IFA’s prayer points in these alerts are suggestions only. Intercessors are individuals, not “one size fits all.” Yet we achieve unity when we pray, not from the news or human commentary but by the unchanging Word of God. What does Scripture clearly teach? Answer: mankind was created in God’s image, distinctly as “male and female.” The result was a man and a woman told to be “fruitful and multiply after their own kind.” Every baby since has been either a boy or a girl, both in God’s image. From that perspective, we may pray with compassion for individuals and families with any confusion in the matter. Knowing God’s design, we pray for freedom for all through the Gospel of Jesus Christ.      

“Then God said, ‘Let Us make man in Our image, according to Our likeness; let them have dominion over the fish of the sea, over the birds of the air, and over the cattle, over all the earth and over every creeping thing that creeps on the earth.’ So God created man in His own image; in the image of God He created him; male and female He created them. Then God blessed them, and God said to them, ‘Be fruitful and multiply; fill the earth and subdue it….’” (Gen. 1:26-28)

“And so it is written, The first man Adam was made a living soul; the last Adam was made a quickening spirit. Howbeit that was not first which is spiritual, but that which is natural; and afterward that which is spiritual. The first man is of the earth, earthy; the second man is the Lord from heaven.” (1 Cor. 15:45-47)



A ‘potentially hazardous’ asteroid which is three times the size of a football pitch and travelling at 27,000 miles an hour will pass close to Earth on Monday night.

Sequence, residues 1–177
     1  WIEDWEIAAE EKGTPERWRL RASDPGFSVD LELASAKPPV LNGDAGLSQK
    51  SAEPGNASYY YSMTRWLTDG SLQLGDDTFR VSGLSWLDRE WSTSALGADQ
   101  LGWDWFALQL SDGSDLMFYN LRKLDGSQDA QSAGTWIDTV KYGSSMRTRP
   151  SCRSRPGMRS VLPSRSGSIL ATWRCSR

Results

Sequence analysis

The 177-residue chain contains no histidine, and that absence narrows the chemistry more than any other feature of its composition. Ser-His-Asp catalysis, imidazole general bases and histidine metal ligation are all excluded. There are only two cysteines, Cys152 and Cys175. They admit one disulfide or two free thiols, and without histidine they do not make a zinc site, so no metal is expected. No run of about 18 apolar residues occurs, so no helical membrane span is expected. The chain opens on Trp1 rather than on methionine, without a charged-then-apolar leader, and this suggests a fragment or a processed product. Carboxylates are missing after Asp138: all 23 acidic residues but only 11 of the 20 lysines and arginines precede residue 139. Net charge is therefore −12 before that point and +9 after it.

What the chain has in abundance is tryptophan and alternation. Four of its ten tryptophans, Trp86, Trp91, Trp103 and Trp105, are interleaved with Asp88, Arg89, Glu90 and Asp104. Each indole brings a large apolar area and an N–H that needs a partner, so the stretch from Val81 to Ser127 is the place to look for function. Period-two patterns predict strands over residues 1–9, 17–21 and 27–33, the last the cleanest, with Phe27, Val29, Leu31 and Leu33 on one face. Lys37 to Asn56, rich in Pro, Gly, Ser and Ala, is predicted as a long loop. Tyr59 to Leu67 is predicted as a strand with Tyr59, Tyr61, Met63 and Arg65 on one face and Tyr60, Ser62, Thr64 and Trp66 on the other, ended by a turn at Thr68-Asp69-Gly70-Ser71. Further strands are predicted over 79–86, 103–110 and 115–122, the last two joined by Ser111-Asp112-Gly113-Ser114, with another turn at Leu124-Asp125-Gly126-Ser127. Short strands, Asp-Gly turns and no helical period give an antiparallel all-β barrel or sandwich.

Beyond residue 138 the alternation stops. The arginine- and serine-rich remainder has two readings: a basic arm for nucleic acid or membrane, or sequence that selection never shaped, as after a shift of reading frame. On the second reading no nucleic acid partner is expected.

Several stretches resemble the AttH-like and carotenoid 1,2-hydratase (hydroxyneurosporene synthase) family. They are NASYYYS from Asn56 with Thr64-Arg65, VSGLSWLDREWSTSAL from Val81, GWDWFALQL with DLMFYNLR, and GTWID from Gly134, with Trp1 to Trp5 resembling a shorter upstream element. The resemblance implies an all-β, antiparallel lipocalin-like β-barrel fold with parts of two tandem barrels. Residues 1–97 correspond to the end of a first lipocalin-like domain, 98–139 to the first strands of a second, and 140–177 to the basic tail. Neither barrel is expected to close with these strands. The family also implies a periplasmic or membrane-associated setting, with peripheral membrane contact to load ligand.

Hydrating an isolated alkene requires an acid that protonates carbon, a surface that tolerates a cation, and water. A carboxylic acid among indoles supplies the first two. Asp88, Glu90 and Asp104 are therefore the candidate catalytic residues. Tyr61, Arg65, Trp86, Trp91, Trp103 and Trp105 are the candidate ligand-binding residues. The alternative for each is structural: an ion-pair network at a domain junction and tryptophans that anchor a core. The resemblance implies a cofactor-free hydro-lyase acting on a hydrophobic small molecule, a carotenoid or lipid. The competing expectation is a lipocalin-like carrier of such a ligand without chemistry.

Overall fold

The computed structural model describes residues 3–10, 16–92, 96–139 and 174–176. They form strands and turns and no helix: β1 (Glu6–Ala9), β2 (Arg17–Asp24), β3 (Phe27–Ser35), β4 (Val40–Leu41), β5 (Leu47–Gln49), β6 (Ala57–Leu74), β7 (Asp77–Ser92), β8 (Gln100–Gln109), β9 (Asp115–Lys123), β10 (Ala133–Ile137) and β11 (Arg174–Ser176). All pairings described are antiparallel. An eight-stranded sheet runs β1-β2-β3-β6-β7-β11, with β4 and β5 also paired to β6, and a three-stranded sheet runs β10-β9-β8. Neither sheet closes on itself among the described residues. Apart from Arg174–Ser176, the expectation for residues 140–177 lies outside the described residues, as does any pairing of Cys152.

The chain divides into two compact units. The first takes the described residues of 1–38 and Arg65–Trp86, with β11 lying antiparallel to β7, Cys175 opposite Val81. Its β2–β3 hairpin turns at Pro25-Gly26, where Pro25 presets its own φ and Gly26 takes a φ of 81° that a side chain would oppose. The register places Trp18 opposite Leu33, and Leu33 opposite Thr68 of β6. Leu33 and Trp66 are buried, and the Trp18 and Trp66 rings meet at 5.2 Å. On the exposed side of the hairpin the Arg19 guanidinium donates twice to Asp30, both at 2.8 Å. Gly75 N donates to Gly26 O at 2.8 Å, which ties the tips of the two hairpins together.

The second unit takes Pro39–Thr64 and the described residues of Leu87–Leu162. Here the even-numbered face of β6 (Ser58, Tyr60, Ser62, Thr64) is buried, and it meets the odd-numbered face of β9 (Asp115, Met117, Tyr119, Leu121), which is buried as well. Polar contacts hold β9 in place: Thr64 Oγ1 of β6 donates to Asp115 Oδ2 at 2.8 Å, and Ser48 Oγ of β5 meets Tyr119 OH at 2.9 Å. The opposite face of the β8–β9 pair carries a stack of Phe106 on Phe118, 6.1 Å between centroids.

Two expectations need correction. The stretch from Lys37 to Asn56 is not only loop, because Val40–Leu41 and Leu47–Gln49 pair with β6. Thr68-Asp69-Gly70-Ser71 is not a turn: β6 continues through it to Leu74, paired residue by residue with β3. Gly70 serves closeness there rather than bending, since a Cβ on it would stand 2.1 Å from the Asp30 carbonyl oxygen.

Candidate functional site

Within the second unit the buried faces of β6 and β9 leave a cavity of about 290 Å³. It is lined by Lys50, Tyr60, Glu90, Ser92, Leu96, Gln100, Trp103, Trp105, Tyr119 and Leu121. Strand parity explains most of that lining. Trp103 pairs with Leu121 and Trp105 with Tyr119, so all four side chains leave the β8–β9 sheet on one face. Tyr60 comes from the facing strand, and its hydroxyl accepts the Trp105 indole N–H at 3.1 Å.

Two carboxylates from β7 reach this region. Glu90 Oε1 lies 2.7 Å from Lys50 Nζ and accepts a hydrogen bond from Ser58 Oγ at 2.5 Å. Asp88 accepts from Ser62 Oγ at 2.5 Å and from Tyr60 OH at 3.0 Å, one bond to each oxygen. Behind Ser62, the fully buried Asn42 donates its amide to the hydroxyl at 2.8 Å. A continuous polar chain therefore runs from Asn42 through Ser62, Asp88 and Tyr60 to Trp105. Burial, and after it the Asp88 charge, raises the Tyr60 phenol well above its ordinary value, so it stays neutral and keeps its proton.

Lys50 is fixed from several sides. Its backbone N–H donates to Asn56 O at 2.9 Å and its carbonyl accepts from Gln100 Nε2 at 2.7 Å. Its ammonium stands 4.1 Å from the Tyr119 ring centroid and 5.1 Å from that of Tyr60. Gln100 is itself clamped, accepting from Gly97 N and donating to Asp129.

Although the speeding chunk of rock – named 2000 EM26 – will be 1.6 million miles away it still represents a close shave for our planet in astronomical terms.

It will be tracked by the online Slooh Space Camera which monitors asteroids but scientists say it poses no threat to Earth.

During its closest approach, the asteroid will fly about 8.8 lunar distances from Earth.

A potentially hazardous object is a near-Earth asteroid or comet with an orbit that makes close approaches to the Earth and is of a size large enough to cause significant regional damage.

2000 EM26′s flyby is almost exactly a year after a meteor unexpectedly exploded above Chelyabinsk, Russia, causing damage and injuring more than 1,000 people with falling glass.

“On a practical level, a previously-unknown, undiscovered asteroid seems to hit our planet and cause damage or injury once a century or so, as we witnessed on June 20, 1908 and February 15, 2013,” said Slooh astronomer Bob Berman.

“Every few centuries, an even more massive asteroid strikes us — fortunately usually impacting in an ocean or wasteland such an Antarctica.

“But the on-going threat, and the fact that biosphere-altering events remain a real if small annual possibility, suggests that discovering and tracking all NEOs, as well as setting up contingency plans for deflecting them on short notice should the need arise, would be a wise use of resources.”

Slooh routinely tracks dangerous asteroids which have the potential to cause significant damage if they hit the Earth.

Their work has the side aim of increasing awareness about the dangers of asteroids, and recruiting members of the public to help by scanning the skies with Slooh robotic telescopes.

Paul Cox, technical research director said: “We continue to discover these potentially hazardous asteroids — sometimes only days before they make their close approaches to Earth.

“Slooh’s asteroid research campaign is gathering momentum with Slooh members using the Slooh robotic telescopes to monitor this huge population of potentially hazardous space rocks. We need to find them before they find us. (Contributor: The Telegraph)